But is the fall weather here to stay? I’m banking on summer making a reappearance, no matter how briefly. In fact, I worked on my wardrobe just in case I’m right with another flirting the issue skirt, by Anna Maria Horner and made in one of her voiles. I made one back in May. This latest iteration is pretty much exactly the same; I tweaked some of the measurements just a bit.

If the idea of sewing clothes intimidates you, this is the skirt for you. There’s no pattern to work from: you’re really sewing four big rectangles together and adding some elastic to the waist. I find voile a little annoying to work with (give me a hearty quilting cotton any day!). This skirt is so easy to construct, however, that you will have no need to unpick stitches and risk hurting the delicate fabric.

Can I just say that my other noteworthy finish of the week was Kate Racculia’s Bellweather Rhapsody? A skirt and a novel wrapped up in the same week that there’s no summer school, no camp? Yeah, I’m feeling pretty good, but still anxiously awaiting the start of school! (If you haven’t read my ode from earlier in the week, rest assured that I’m a better sewist than poet.)

Linking up to TGIFF at Devoted Quilter and Finish It Up Friday, as well as Sew Cute Tuesday ...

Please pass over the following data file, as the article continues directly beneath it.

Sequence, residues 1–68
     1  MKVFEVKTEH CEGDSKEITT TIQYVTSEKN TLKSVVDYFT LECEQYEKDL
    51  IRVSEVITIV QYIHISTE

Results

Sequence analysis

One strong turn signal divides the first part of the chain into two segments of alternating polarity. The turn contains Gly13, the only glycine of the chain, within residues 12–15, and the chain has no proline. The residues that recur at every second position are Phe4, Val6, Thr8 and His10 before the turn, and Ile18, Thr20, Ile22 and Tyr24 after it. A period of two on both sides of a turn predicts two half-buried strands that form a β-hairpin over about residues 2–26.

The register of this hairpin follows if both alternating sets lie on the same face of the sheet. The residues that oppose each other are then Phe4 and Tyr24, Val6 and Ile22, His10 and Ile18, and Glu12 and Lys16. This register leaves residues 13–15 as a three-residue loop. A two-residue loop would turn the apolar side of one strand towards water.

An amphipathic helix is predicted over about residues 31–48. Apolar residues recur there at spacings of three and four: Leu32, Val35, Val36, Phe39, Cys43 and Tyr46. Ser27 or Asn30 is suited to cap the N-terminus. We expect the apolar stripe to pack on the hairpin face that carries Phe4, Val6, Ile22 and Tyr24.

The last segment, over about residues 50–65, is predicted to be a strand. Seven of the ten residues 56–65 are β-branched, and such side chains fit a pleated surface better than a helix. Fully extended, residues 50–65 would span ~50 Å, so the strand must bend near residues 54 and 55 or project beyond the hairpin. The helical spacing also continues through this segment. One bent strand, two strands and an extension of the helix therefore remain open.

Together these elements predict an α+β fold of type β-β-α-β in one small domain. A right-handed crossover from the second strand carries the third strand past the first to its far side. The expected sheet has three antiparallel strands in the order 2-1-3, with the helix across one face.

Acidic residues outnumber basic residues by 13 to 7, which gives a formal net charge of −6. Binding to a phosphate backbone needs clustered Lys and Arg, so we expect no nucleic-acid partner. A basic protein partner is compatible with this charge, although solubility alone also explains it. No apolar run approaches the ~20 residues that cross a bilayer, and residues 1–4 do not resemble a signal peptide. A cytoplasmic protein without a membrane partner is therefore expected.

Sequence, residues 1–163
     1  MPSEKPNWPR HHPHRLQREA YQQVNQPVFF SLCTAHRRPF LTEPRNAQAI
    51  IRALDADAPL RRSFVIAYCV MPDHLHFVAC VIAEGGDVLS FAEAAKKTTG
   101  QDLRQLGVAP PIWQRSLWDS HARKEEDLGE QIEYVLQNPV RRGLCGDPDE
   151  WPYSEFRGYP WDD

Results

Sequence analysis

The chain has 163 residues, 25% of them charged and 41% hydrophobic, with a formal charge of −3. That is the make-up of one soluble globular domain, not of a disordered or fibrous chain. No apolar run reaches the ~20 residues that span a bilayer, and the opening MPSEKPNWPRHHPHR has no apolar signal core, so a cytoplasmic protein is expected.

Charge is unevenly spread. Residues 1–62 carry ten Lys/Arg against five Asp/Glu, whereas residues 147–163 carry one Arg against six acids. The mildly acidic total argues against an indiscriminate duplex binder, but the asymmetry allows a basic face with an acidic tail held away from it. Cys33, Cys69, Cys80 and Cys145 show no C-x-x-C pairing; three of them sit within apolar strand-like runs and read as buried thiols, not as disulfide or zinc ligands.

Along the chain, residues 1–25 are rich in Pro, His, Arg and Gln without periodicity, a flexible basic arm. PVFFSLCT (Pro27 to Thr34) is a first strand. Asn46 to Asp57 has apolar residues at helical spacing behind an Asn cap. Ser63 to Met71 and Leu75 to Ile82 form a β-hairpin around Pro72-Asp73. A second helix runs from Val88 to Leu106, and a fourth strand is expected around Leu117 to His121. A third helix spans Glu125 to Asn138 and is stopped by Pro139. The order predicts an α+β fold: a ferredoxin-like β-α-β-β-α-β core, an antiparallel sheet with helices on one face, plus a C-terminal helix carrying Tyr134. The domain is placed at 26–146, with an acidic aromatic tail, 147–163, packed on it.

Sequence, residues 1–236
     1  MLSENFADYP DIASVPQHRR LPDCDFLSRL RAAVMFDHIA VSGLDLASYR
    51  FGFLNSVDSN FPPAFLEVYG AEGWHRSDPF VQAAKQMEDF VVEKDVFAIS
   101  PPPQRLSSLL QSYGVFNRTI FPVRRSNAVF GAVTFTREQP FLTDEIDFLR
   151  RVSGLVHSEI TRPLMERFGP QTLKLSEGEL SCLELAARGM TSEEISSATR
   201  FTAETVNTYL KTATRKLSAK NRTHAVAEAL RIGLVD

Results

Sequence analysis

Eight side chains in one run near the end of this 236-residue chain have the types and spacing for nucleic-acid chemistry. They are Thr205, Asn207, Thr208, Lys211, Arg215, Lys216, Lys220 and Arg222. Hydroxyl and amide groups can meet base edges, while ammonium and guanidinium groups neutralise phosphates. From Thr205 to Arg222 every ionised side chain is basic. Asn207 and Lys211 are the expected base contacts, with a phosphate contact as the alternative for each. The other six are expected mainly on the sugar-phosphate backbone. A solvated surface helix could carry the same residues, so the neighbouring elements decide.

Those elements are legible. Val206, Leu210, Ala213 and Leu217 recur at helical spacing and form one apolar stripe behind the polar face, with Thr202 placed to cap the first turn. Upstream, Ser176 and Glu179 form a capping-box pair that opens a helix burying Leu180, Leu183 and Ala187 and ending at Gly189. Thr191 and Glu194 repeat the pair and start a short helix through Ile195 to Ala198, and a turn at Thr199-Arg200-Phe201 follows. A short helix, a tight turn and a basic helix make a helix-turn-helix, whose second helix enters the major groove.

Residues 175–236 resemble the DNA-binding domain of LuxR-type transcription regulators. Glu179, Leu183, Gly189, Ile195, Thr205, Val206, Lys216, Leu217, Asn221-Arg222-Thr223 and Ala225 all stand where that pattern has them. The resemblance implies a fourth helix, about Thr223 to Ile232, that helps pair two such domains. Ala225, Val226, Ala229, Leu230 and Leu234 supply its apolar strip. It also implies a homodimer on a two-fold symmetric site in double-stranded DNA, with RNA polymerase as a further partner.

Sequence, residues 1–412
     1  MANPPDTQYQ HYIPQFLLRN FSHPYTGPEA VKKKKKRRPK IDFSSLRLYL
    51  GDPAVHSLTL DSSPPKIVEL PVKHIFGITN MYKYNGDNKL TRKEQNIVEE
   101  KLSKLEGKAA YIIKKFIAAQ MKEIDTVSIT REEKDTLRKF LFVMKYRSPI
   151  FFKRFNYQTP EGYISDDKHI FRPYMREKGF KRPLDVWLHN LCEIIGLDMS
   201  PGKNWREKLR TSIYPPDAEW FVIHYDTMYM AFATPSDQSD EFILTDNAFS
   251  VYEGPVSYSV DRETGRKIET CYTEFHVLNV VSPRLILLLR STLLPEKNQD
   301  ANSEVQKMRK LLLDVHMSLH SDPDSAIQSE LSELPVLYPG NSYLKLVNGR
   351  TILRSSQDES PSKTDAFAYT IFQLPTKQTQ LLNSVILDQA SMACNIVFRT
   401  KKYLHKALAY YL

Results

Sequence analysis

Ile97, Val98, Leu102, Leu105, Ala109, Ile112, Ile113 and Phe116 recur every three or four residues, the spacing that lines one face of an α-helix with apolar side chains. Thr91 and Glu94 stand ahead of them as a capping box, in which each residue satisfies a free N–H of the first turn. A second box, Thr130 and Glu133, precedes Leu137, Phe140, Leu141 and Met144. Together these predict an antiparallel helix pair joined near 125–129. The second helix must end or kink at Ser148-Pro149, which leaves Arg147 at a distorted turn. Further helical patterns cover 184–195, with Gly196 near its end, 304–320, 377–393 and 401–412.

Wednesday, August 20, 2014

An Ode to the Start of School

Summer-time slowdown, little time to quilt or sew.
I want to work on my WIPs, get in the flow.
I have bags to finish, quilts to piece;
It’s time I complete my flying geese.
Those two little boys have a summer with Mom
But—alas!—all the while, I dream of QuiltCon.
Just when I’m about to lose my cool,
I remember my only hope: the start of school.

Like you, I have too many WIPs to fit them all in one photo! Starting with the Anna Maria Horner print in the bottom left and working clockwise, the ones pictured here include: another flirty skirt in a fabric from AMH’s Innocent Crush (to be finished today!); medallions from Park Bench, by Jaybird Quilts, in Carolyn Friedlander’s Botanics; two Amy Butler prints that will become bags; the beginnings of a rail fence quilt from scraps and Rae Hoestra’s Lotus Pond; various fabrics in poppy and gray that will become a pieced back for this quilt.